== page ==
Persistence and Staying Focused on the Facts Leads to Unanimous Defense Verdict

Persistence and Staying Focused on the Facts Leads to Unanimous Defense Verdict

Persistence and Staying Focused on the Facts Leads to Unanimous Defense Verdict
In a recent trial victory, Smith Freed Eberhard Partner Cliff Wilson and his team obtained a unanimous defense verdict in a dog bite case by taking a hard position and successfully presenting evidence that lead to the jury to find that his client had no knowledge of the dog’s dangerous propensities.

The Background Story
Defendant took in a stray dog, which happened to be a “pit bull” mix, off the streets on a snowy winter day in January. Defendant contacted the humane society but was told they don’t take in strays. Pursuant to directions on the animal shelter’s website, she tried to find the owner herself before she brought the dog into the shelter. Defendant posted lost dog notices and announcements on Facebook and other websites. During her time with the dog, it was friendly and exhibited no aggressive behavior to anyone. 10 days after she found it, plaintiff came to defendant’s home to pick up defendant’s daughter for a date.  Plaintiff entered the home, walked up the stairs, approached the dog, knelt down with his face in close proximity to the dog, rubbed the dog’s ears, and said something to the effect of “good doggy.” In that instant, the dog bit plaintiff on the left side of his face and ran away. The bite caused lacerations to plaintiff’s left eyelid, tear duct and lip. The injuries required reconstruction of plaintiff’s tear duct and required alleged lifetime future care of the duct. Plaintiff sued defendant for animal negligence, alleging personal injuries and seeking over $800,000 in damages.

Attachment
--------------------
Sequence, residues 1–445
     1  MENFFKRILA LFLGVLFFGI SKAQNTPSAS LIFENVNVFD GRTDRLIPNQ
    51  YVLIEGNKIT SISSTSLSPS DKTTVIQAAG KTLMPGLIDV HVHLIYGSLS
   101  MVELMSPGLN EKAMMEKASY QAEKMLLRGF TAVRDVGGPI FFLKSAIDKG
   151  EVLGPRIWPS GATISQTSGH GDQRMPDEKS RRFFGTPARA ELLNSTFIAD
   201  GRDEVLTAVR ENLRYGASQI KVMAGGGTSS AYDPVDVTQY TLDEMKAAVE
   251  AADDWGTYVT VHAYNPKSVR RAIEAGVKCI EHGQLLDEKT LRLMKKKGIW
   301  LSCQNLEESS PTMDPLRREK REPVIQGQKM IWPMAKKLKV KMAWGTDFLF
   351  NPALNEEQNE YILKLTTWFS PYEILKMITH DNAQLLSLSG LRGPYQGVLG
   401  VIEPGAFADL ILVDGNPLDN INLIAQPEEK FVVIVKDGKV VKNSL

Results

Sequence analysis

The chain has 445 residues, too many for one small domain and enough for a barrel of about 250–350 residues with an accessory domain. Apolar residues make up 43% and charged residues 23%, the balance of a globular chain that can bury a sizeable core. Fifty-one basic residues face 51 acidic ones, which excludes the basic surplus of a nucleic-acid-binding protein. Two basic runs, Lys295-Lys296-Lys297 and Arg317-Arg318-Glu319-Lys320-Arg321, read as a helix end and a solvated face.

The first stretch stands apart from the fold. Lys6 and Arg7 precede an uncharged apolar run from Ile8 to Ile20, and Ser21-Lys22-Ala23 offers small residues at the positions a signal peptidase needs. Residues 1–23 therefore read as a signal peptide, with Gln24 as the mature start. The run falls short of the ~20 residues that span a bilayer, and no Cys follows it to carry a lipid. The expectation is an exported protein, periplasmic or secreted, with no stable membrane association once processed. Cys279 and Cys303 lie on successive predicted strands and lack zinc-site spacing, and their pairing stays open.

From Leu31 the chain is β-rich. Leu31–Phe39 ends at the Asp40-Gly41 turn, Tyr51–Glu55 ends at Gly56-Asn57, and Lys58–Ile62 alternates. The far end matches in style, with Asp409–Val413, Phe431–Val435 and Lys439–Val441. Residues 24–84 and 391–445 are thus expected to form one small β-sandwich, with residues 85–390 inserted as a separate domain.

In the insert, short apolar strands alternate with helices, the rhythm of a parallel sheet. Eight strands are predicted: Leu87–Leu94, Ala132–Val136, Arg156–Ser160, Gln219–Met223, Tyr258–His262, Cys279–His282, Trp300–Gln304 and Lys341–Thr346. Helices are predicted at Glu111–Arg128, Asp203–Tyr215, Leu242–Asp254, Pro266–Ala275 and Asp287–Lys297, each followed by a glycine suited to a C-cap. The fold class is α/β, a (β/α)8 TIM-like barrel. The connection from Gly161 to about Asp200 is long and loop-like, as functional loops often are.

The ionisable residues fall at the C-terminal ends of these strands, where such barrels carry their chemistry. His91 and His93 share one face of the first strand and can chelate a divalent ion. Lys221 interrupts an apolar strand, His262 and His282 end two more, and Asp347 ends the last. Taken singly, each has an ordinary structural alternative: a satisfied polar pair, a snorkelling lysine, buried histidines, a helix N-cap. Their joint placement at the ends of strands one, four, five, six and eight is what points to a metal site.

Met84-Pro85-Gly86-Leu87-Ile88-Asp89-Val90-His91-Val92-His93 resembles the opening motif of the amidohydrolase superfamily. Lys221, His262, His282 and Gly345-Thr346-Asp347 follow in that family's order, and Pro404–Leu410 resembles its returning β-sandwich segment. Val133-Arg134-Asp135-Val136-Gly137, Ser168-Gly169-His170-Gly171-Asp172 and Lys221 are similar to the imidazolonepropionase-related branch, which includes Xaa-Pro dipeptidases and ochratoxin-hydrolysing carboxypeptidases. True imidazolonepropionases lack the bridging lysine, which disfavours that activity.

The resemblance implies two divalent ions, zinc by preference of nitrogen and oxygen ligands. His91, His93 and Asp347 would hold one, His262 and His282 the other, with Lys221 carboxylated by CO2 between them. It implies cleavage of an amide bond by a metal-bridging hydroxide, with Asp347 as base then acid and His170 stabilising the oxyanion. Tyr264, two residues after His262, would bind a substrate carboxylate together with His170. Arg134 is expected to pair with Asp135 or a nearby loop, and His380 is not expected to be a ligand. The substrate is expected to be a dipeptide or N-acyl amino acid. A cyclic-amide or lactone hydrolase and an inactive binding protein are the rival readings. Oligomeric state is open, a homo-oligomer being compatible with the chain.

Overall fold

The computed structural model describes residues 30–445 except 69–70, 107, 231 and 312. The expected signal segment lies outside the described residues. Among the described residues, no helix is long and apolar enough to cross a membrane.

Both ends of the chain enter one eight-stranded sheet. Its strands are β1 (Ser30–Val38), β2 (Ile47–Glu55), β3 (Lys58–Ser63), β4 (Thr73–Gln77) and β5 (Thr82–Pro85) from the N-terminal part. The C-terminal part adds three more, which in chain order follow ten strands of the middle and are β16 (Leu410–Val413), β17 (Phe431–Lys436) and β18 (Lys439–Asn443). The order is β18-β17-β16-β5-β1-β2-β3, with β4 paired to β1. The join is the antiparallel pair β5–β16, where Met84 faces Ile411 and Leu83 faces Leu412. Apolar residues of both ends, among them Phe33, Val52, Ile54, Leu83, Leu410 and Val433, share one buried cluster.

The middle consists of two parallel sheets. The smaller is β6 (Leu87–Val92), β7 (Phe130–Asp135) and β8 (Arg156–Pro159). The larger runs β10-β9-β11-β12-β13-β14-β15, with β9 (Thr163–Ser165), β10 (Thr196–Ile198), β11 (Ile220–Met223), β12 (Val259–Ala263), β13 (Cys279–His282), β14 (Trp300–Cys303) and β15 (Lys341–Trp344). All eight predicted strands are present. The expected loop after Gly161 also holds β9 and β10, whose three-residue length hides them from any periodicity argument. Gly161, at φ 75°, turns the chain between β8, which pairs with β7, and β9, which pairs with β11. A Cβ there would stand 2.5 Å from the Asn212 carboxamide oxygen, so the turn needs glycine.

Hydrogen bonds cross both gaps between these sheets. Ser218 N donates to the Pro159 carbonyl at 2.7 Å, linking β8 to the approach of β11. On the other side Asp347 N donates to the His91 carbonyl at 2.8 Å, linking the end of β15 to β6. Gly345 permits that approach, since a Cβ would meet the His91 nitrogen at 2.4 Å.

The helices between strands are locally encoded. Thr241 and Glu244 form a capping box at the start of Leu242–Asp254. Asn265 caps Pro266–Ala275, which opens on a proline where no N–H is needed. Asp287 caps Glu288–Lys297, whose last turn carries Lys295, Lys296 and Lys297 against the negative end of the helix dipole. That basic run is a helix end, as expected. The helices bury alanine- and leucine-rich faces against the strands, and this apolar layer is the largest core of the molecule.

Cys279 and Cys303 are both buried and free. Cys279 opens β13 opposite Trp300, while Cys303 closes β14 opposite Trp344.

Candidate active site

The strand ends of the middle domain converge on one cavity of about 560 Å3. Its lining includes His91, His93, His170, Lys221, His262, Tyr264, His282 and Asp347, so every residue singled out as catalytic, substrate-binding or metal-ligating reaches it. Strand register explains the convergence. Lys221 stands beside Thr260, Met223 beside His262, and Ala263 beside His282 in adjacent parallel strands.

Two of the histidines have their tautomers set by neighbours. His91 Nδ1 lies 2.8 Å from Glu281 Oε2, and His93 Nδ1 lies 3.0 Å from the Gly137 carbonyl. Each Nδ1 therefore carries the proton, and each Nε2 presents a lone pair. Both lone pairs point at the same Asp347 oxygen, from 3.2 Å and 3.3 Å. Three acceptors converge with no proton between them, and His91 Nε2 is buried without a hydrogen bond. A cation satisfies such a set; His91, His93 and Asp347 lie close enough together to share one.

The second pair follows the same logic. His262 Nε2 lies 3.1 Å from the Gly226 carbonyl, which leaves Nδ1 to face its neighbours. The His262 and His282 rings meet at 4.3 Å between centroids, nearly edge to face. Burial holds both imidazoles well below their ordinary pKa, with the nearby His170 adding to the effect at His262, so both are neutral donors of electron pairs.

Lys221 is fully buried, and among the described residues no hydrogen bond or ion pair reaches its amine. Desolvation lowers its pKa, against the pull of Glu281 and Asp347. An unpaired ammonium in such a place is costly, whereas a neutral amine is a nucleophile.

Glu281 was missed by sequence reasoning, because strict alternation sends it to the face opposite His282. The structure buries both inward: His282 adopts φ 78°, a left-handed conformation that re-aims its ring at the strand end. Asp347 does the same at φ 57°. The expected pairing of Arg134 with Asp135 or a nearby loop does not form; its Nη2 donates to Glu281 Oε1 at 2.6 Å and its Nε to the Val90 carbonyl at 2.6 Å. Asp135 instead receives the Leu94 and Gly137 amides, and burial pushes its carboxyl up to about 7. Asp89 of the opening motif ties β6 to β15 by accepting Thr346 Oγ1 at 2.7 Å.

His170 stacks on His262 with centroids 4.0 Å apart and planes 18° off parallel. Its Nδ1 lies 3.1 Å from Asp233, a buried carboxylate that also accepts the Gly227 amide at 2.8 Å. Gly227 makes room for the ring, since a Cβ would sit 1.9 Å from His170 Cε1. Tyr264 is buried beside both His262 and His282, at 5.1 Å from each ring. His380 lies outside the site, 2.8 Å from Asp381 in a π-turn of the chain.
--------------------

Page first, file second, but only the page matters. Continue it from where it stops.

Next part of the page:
The Strategy
Smith Freed Eberhard Partner, Cliff Wilson, and his team were asked to represent the defendant.  Under Oregon law, in order to be held liable, a possessor of an animal must have known or had reason to know of the dog’s dangerous propensities and that it would bite if not controlled or confined.  Cliff’s conversation with the defendant and careful investigation of the case made it clear that defendant had no way of knowing that the dog had any dangerous propensities or had ever exhibited aggression toward anyone.  In fact, the dog had interacted with multiple people in the ten days that it was in defendant’s home, showing no aggressive tendencies.

Cliff asked the court for summary judgment, arguing that defendant had no possible way of knowing that the dog was likely to bite a visitor. Plaintiff’s counsel identified a visitor that previously came to defendants home and did not want to pet the dog when invited to do so. The court denied Cliff’s motion, finding that the visitor’s refusal to go up the stairs and pet the dog could be construed as evidence that the dog had exhibited aggressive tendencies toward him.

Cliff’s strategy for trial was to focus on the facts, primarily, defendant’s lack of knowledge of the dog’s history. Plaintiff’s counsel was Gregory Kafoury, a prominent Oregon personal injury attorney known for pursuing big verdicts. Mr. Kafoury took an aggressive strategy of attacking defendant’s credibility based on inaccuracies on a form she filled out when she dropped the dog off at the animal shelter the day after the bite incident. Plaintiff’s attorney was also very set on identifying the “inherent” dangerousness of pit bull mixed dog breeds, and drew on popular media bias and common public misconceptions about this breed of dogs. Cliff cut through the smoke and mirrors with the assistance of a dog behavior expert, and focused the jury on the actual facts of the case.

The Outcome
Cliff’s persistence, strategy, and preparation for trial paid off.  Following deliberation, the jury returned with a unanimous verdict in favor of defendant.  In the end, it was clear that the jury focused on the facts and that despite the severity of the injuries and the plaintiff’s attempts to characterize the dog as inherently dangerous based on its breed, the plaintiff had simply offered no evidence that would show the defendant had any knowledge or should have had any knowledge that the friendly dog would bite him.